Malin Craig: Wikis


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George Malin Craig
July 5, 1875(1875-07-05) – July 25, 1945 (aged 70)
General Malin Graig, official Army portrait
Place of birth St. Joseph, Missouri.
Place of death Washington, D.C.
Resting place Arlington National Cemetery
Allegiance United States   United States of America
Service/branch United States Department of the Army Seal.svg United States Army
Years of service 1898 - 1939
1941 - 1945
Rank US-O10 insignia.svg General
Commands held Chief of Staff of the U.S. Army
IX Corps
Battles/wars China Relief Expedition
World War I
*Meuse-Argonne Offensive
World War II
Awards Distinguished Service Medal (2)

Malin Craig (August 5, 1875–July 25, 1945) was a United States Army general.



Malin Craig was born in St. Joseph, Missouri, on August 5, 1875; Graduated from the United States Military Academy, 1898; was commissioned a second lieutenant and assigned to the 4th Infantry, April 1898;

Spanish American War

Served with the 6th Cavalry in the Santiago campaign in Cuba, 1898;

Garrison service

Was transferred to the 4th Cavalry and served in Wyoming and Oklahoma, 1898–1900;

Boxer Rebellion

Participated in the China Relief Expedition, 1900–1902; was promoted to first lieutenant and assigned to the 6th Cavalry, February 1901;

Garrison service

Married Genevieve Woodruff,[1] April 1901; attended the Infantry and Cavalry School (1903–1904) and Staff College (1904–1905) at Fort Leavenworth; was promoted to captain and assigned to the 10th Cavalry, May 1904, and the 1st Cavalry, 1905; was regimental quartermaster at Fort Clark, 1906–1909,


adjutant in the Philippines, 1909;

Garrison service

Was at the Army War College as student, 1909–1910, and instructor, 1910–1911; was a member of the General Staff and chief of staff of the Maneuver Division, 1911; was assistant to the chief of staff of the Western Department, 1911–1912; served with the 1st Cavalry in the West, 1912–1916; was instructor at the Army Service Schools at Fort Leavenworth, 1916–1917; served in the Adjutant General’s Department and was detailed to the General Staff Corps, 1917;

World War I

Was promoted to major of cavalry, May 1917; was promoted to lieutenant colonel of field artillery and appointed chief of staff of the 41st Division, August 1917; served with the American Expeditionary Forces in France in that position and as chief of staff of I Corps, participating in the Toul, Marne, St. Mihiel, and Meuse-Argonne operations; was promoted to colonel (February) and brigadier general (June) in the National Army, 1918; was chief of staff of the Army of Occupation in Germany, 1918–1919;

Garrison service

Reverted to basic rank of major and was director of the Army War College, 1919–1920; was promoted to colonel of cavalry and assigned as commander, District of Arizona, 1920–1921; was promoted to brigadier general in the Regular Army, April 1921; served as commandant of the United States Army Cavalry School, 1921–1923; commanded the Coast Artillery District of Manila, 1923–1924; was promoted to major general and assigned as chief of cavalry, 1924–1926; was assistant chief of staff, G–3, of the Army, 1926–1927, then commanded the Fourth Corps Area, 1927, the Panama Canal Division, 1927–1928, the Panama Canal Department, 1928–1930, and the Ninth Corps Area, 1930–1935; was commandant of the Army War College, 1935; was promoted to general, October 1935; was chief of staff of the United States Army, October 2, 1935 – August 31, 1939 ;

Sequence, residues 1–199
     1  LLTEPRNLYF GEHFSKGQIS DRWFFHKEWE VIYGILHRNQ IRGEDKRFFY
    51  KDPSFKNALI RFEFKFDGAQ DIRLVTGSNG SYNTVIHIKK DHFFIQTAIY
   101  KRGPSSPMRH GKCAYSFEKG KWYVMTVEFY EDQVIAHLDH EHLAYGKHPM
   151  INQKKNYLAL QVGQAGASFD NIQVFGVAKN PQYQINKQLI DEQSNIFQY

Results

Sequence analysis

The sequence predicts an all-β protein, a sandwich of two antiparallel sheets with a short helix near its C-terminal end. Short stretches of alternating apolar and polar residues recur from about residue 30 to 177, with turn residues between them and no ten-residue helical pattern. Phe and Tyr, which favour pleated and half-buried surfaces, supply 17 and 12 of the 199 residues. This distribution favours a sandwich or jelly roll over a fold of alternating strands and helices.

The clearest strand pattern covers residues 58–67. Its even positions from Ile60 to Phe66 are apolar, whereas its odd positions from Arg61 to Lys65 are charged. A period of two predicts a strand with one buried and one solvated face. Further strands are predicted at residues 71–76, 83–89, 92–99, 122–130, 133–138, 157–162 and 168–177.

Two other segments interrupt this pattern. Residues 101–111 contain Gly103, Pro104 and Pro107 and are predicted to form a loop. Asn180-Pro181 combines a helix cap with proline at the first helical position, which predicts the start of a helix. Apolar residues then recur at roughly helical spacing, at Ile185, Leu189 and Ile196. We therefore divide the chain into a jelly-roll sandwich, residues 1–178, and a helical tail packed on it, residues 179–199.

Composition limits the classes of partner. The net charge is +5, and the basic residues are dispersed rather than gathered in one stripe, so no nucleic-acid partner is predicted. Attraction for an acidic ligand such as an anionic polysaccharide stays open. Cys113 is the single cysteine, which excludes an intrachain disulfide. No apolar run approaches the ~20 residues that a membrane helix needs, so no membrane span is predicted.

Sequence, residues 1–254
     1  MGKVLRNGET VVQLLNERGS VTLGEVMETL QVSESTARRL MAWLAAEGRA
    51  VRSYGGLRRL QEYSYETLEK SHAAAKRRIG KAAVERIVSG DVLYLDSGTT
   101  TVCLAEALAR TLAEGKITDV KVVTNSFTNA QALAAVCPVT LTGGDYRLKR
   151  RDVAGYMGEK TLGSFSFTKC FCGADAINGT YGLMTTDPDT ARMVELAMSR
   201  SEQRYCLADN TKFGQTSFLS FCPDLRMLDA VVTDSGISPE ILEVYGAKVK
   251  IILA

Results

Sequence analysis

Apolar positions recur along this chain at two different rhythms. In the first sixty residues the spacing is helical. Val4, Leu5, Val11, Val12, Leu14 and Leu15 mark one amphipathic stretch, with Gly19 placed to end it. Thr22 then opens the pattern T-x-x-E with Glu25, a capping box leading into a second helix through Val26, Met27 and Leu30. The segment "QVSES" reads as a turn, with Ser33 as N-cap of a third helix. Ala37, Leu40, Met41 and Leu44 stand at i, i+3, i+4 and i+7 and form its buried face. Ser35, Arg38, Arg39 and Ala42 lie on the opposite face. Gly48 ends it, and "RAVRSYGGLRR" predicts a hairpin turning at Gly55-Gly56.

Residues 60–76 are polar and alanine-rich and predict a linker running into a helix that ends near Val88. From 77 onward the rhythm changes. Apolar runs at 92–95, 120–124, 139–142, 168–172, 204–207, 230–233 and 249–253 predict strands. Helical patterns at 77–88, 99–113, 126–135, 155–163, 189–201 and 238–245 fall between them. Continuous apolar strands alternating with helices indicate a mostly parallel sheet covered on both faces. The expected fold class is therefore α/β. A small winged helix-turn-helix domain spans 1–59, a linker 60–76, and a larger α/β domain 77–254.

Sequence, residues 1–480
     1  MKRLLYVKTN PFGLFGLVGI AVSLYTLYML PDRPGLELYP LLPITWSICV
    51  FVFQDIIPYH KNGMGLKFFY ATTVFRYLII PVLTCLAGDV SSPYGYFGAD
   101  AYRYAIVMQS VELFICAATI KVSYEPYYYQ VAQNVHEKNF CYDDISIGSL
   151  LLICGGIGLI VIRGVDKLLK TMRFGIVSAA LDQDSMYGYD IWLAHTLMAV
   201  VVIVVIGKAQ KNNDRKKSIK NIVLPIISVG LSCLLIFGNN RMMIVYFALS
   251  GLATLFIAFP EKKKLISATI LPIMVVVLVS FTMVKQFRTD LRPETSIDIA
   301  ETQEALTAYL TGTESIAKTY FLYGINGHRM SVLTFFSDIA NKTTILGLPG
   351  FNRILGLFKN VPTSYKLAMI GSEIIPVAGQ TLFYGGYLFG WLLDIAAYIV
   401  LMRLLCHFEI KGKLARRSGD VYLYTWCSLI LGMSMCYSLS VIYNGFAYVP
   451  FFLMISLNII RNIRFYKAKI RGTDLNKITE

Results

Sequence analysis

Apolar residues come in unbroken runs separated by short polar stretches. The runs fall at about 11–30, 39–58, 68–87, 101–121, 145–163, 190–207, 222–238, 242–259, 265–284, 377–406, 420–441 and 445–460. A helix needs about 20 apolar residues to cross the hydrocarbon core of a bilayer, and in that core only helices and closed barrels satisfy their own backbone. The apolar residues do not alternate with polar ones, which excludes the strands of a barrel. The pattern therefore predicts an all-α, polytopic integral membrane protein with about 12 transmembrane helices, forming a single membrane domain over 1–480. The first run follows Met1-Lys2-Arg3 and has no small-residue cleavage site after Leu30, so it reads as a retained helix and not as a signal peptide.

World War II

Pointed out to Congress the Army’s lack of preparedness in manpower and materiel, stressed the essentiality of lead time in military preparedness, focused attention on Army planning, and, within governmental constraints, prepared the Army for World War II; retired from active service, August 1939; was recalled to head the secretary of war’s Personnel Board, September 1941; died in Washington, D.C., on July 25, 1945.

Military Awards

United States Decorations and Medals

  • Distinguished Service Medal with Oak Leaf Cluster
  • Spanish Campaign Medal
  • China Service Medal
  • Philippine Service Medal
  • Mexican Border Service Medal
  • Victory Medal (World War I) with three Campaign Bars
  • Army of the Occupation of Germany Medal
  • American Defense Service Medal
  • American Campaign Medal
  • World War Two Victory Medal

Foreign Orders

  • British Companion of the Bath
  • French Legion of Honor
  • French Cross of War with two Palms
  • Belgian Order of the Crown
  • Italian Order of the Crown


  1. ^ "Genevieve Woodruff Craig, Military Spouse". Retrieved 2009-03-01.  

External links

Military offices
Preceded by
Douglas MacArthur
Chief of Staff of the United States Army
Succeeded by
George C. Marshall

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